“This funding is a first step that will help address immediate needs within the child welfare system — allowing workers to spend less time on IT and more time with children and families,” Lancaster said. “We plan to revisit this issue in a budget year.”

The cumbersome system forces child protection workers to spend about 45 minutes longer than necessary entering data on a child, estimated Lovgren, of Pine County. Among the time-consuming problems: workers must repeatedly enter the same parent’s information for every child in a family.

“That’s 45 to 50 minutes that they can spend with that family and make sure the kids are safe and they’re in a good place and the family is OK,” she said.

A more efficient information system could change the number of county child protection workers, said Sen. Nicole Mitchell, DFL-Woodbury. With limited state dollars available this year, she said spending money on SSIS upgrades makes more sense since it seems to affect everything else.

Mitchell co-chairs a Legislative Task Force on Child Protection and said technology issues have come up repeatedly whenever lawmakers ask why something can’t be done.

Some bills in the Capitol this session have been deemed “impossible to implement” because of system constraints, said Joanna Woolman, with the Institute for Transforming Child Protection at Mitchell Hamline Law School. She said the system is blocking legislation that would ensure children in foster care are notified of federal benefits when their parents die and is preventing ombudsman offices from getting data they need to investigate cases.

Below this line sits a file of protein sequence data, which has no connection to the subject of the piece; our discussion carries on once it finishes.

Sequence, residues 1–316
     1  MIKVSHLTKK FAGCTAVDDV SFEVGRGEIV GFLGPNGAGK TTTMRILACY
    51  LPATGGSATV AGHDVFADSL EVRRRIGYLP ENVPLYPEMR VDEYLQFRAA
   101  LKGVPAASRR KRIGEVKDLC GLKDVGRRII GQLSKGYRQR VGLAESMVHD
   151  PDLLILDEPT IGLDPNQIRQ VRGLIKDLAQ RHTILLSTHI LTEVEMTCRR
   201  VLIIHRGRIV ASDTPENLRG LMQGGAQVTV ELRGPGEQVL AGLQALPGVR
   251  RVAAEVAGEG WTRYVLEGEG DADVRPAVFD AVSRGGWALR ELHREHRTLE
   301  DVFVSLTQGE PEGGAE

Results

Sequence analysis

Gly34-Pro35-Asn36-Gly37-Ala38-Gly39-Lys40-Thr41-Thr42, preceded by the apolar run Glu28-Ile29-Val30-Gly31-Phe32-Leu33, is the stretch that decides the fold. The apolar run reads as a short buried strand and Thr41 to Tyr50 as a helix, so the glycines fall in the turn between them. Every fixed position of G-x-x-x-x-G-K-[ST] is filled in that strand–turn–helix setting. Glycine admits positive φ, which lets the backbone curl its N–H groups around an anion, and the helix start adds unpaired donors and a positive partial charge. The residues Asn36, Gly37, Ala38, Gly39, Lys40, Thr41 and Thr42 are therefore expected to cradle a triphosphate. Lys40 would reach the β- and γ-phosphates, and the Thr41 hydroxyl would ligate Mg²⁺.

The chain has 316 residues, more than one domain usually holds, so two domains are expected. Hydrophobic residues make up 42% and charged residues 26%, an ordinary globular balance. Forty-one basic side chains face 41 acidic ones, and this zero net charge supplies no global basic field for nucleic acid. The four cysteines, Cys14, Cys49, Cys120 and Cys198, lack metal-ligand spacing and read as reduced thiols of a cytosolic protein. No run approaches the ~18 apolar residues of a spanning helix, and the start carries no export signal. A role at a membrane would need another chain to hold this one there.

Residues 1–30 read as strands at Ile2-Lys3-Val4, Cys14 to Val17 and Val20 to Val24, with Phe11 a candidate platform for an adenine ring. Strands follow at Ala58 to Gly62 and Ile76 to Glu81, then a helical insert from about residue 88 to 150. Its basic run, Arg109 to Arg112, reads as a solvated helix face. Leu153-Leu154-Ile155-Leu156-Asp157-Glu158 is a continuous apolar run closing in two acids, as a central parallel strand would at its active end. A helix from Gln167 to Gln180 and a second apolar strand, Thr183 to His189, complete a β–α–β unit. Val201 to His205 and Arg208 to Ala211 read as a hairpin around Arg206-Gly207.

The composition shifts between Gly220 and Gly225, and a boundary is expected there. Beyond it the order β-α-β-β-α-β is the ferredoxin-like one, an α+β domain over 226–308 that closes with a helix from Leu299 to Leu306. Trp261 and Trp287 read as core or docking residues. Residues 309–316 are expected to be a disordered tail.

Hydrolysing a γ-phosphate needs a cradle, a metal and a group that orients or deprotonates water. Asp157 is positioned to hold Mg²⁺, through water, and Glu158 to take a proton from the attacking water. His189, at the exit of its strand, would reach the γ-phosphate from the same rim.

Technology also prevents the state from understanding what’s working or not in the child protection system, Woolman said, because they can’t easily pull trend data on adoptions, racial demographics or the speed of litigation.

“Child advocacy is really sensitive, important and highly emotional work,” said Laura Bartsch, a Dakota County child and family intake supervisor. “If we don’t have the best, most accurate information systems or equipment to work with, I think that’s a liability to how we’re serving families.”

District officials said they hope the improvements to SSIS will help them retain staff. They noted that young employees, who have recently graduated from college and are passionate about working with children and families, end up especially confused by outdated technology.

Across Minnesota, child protection workers are facing higher-than-recommended caseloads, and thousands of social work jobs remain unfilled.

Scott County’s child protection division had a 40-50% employee turnover rate in recent years, said Deputy Health and Human Services Director Suzanne Arntson, who conducts exit interviews with departing employees.

“Every one of my staff that has left either attributes SSIS as the primary or secondary driver [reason],” she said.

One morning last year, DHS staff visited Scott County. They planned to sit down with county workers and see what it’s like to work with the technology, Arntson said.

Instead, the system was up and running the entire time they were there.